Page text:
We agree with Smith that a completed violation of OCGA § 16-6-5 (a) requires that the enticement be of a victim who is an actual child under the age of 16. Indeed, in evaluating any statute, we must “afford the statutory text its plain and ordinary meaning, we must view the statutory text in the context in which it appears, and we must read the statutory text in its most natural and reasonable way, as an ordinary speaker of the English language would.” 9 And OCGA § 16-6-5 (a) undoubtedly requires there to be solicitation or enticement of an actual victim under the age of 16, rather than of someone, as in this case, who the accused merely believed to be a child.10 In fact, not only must there be a child victim for a violation of OCGA § 16-6-5 (a), the statute also includes an asportation element, which requires some movement of that child.11 Thus, the existence of a specific child victim is plainly an essential element that the State must allege to sufficiently charge a defendant with enticement of a child for indecent purposes in violation of OCGA § 16-6-5 (a).12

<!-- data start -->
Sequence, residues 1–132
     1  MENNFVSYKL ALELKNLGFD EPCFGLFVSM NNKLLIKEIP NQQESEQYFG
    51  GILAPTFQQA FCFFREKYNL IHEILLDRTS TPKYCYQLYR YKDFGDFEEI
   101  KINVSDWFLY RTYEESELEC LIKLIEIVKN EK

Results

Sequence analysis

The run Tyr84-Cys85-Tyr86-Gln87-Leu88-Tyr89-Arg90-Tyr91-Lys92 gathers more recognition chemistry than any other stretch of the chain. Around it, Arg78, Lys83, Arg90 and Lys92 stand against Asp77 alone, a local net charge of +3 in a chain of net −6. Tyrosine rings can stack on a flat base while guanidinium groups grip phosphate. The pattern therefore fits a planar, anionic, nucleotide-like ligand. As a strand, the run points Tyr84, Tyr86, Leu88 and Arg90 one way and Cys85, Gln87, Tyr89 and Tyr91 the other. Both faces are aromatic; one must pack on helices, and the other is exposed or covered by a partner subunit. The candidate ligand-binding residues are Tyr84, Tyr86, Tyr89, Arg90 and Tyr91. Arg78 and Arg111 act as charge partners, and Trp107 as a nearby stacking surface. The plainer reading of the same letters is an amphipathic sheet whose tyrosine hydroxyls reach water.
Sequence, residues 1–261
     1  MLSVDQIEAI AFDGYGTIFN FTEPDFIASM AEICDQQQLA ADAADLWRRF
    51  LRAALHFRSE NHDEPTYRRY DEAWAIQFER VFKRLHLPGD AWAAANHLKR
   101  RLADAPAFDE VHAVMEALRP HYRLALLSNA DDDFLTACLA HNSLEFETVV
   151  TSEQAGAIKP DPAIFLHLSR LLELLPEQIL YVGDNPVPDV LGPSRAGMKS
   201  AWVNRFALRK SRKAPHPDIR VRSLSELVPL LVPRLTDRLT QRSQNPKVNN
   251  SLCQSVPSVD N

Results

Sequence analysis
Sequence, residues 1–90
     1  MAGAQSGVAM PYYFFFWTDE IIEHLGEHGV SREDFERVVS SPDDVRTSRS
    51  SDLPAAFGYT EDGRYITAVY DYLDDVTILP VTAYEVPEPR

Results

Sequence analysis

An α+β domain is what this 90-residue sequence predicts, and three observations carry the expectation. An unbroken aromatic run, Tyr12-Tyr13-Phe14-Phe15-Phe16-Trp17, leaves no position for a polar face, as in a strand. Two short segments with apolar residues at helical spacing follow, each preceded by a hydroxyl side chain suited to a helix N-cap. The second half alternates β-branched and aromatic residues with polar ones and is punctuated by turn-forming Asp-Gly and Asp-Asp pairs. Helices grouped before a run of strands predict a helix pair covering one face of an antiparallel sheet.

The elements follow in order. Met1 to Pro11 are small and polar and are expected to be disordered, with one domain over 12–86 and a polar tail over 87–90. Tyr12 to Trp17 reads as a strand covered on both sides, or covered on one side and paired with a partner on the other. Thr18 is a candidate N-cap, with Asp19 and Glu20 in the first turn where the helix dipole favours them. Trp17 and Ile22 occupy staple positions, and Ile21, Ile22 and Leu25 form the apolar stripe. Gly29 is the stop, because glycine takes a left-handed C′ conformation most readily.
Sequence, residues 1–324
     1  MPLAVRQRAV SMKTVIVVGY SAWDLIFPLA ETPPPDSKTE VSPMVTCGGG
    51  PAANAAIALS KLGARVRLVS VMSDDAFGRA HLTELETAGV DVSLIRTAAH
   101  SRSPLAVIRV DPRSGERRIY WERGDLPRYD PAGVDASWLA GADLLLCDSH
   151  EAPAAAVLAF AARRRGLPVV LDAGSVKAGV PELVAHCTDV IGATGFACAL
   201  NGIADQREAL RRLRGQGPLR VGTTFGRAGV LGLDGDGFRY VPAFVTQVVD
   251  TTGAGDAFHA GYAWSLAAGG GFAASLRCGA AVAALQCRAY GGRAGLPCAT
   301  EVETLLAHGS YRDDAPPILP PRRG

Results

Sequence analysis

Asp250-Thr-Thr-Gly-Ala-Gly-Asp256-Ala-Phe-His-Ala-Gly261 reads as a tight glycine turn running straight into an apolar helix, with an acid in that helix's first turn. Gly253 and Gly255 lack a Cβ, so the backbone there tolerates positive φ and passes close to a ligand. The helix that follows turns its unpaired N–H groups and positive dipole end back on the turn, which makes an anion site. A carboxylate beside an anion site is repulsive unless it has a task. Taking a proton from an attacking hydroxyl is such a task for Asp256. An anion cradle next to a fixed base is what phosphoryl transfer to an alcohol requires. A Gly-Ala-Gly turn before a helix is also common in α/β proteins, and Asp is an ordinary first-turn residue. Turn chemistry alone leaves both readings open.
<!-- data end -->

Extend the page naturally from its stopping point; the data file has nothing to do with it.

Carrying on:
But again, the indictment here only charged Smith with an attempted violation of OCGA § 16-6-5 (a), and “the mere fact that [the existence of a child victim] is an element of the completed crime does not mean that it is indispensable in proving criminal attempt.” 13 Instead, the relevant question is whether “the defendant took a substantial step toward the commission of a crime.” 14 Indeed, we have repeatedly held that a conviction for attempted child molestation—an offense that, to be completed, obviously requires the existence of a child victim 15 —may be sustained “when the defendant communicated with an adult whom the defendant believed to be a child under sixteen years old and took substantial steps to meet with that person to engage in sexual activity that would constitute a violation of child molestation.” 16 Similarly, here, the indictment was sufficient to allege an attempted violation of OCGA § 16-6-5 (a) because it alleged that, with intent to entice or solicit a child for indecent purposes, Smith took a substantial step towards the commission of that crime (i.e. engaging in sexually explicit communications with a person who he believed to be under the age of 16, arranging a meeting place, and driving to a motel to meet her).17